According to the Anglican Journal, the so called pastoral visitors from the Archbishop of Canterbury, "...noted “a widespread sense of weariness with the whole business of same-sex blessings,” as well as a “palpable desire to get on with the business of mission."
(i) Did the visitors think that perhaps the weariness "with the whole business of same-sex blessings" might be somehow related to the very human desire not to have to do the hard work of change?
Unaccompanied by any further observation their remarks on weariness are no pastoral help at all.
They noted a "palpable desire to get on with the business of mission."
(2) Did the visitors have any sense that perhaps there might be a relation between blessing commitments by and among people and the business of mission, which seems to include restoring "all people to unity with God and each other in Christ"?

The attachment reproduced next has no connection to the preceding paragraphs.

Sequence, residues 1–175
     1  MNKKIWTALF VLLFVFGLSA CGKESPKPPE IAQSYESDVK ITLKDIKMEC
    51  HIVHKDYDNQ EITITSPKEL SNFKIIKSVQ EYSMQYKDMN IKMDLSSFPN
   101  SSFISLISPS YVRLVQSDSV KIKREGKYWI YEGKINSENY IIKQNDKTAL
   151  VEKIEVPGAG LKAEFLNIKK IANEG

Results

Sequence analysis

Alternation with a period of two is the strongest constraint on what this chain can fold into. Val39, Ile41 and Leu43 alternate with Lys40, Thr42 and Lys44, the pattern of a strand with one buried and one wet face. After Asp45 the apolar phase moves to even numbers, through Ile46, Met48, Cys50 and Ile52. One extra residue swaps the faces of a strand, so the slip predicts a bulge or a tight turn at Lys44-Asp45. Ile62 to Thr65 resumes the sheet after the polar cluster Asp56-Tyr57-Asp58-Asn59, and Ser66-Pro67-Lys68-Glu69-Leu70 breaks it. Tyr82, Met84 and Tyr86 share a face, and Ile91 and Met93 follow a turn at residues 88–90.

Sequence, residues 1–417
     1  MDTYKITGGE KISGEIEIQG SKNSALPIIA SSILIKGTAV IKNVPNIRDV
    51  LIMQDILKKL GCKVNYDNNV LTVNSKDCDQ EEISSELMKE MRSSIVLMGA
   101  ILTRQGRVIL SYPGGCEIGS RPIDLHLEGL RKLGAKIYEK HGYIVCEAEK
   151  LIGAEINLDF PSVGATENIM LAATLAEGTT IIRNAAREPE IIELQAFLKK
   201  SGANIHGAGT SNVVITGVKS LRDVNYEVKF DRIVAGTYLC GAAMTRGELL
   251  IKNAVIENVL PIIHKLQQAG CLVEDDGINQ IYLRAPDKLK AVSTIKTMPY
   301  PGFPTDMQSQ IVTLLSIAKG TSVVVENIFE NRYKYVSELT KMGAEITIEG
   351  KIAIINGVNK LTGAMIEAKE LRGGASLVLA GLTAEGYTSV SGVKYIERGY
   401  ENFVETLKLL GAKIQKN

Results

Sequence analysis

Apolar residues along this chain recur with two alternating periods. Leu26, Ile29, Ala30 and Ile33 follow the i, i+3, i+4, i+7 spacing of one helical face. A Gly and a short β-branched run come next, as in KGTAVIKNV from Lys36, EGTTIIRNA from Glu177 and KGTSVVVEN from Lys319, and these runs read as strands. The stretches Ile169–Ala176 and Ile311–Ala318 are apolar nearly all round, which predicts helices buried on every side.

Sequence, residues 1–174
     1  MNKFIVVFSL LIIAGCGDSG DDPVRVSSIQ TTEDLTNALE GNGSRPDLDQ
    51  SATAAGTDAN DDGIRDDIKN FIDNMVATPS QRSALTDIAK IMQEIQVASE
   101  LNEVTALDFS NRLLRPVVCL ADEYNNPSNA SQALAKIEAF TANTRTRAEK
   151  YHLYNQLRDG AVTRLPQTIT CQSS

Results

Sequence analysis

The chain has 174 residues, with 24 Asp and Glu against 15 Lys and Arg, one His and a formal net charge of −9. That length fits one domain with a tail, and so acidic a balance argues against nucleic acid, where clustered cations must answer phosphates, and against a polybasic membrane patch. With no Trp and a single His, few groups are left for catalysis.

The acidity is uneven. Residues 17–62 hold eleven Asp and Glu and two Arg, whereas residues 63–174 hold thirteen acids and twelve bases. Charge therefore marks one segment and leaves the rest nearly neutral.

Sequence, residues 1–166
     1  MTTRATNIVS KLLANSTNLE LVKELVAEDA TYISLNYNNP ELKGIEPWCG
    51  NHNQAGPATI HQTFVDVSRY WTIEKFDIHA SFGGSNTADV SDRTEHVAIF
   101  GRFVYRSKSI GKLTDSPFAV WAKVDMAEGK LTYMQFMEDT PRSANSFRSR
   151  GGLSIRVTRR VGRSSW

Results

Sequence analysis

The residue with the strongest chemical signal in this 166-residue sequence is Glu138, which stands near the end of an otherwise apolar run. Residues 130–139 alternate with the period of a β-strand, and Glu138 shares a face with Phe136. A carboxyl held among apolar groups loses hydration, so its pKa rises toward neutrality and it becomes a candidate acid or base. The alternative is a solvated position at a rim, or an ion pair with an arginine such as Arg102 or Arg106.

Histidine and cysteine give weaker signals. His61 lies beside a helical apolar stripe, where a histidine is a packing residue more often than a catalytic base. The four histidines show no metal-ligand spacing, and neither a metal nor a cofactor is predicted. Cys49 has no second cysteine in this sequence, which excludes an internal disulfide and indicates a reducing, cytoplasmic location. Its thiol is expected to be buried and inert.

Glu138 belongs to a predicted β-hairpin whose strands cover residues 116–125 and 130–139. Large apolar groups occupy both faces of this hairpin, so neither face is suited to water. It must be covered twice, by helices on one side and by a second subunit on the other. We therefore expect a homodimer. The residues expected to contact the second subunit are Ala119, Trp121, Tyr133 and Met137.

The "business" of mission is not at all limited to going somewhere else and mucking about in the name of Christ (as perhaps the pastoral visitors themselves might view their work). Mission is about unity expressed in ways that pastoral visitors for the "instrument of unity," that is the Archbishop of Canterbury can hardly match.
The hard work that has been occasioned by the hope of committed Christians that their relationships might be strengthened by blessing is itself a work of mission.
The Incarnation eventually has to be imaged with Christ having an Asian nose, or as black African, or as Navajo, or as a woman, or as Gay, because if it can't be so imaged, then it can't be imaged as inclusive of pasty-gray balding straight (although increasingly bent) guys like me.
We are restored to unity as Christ is seen by each of us in all of us, and God is all in all.
At least that's how I see it.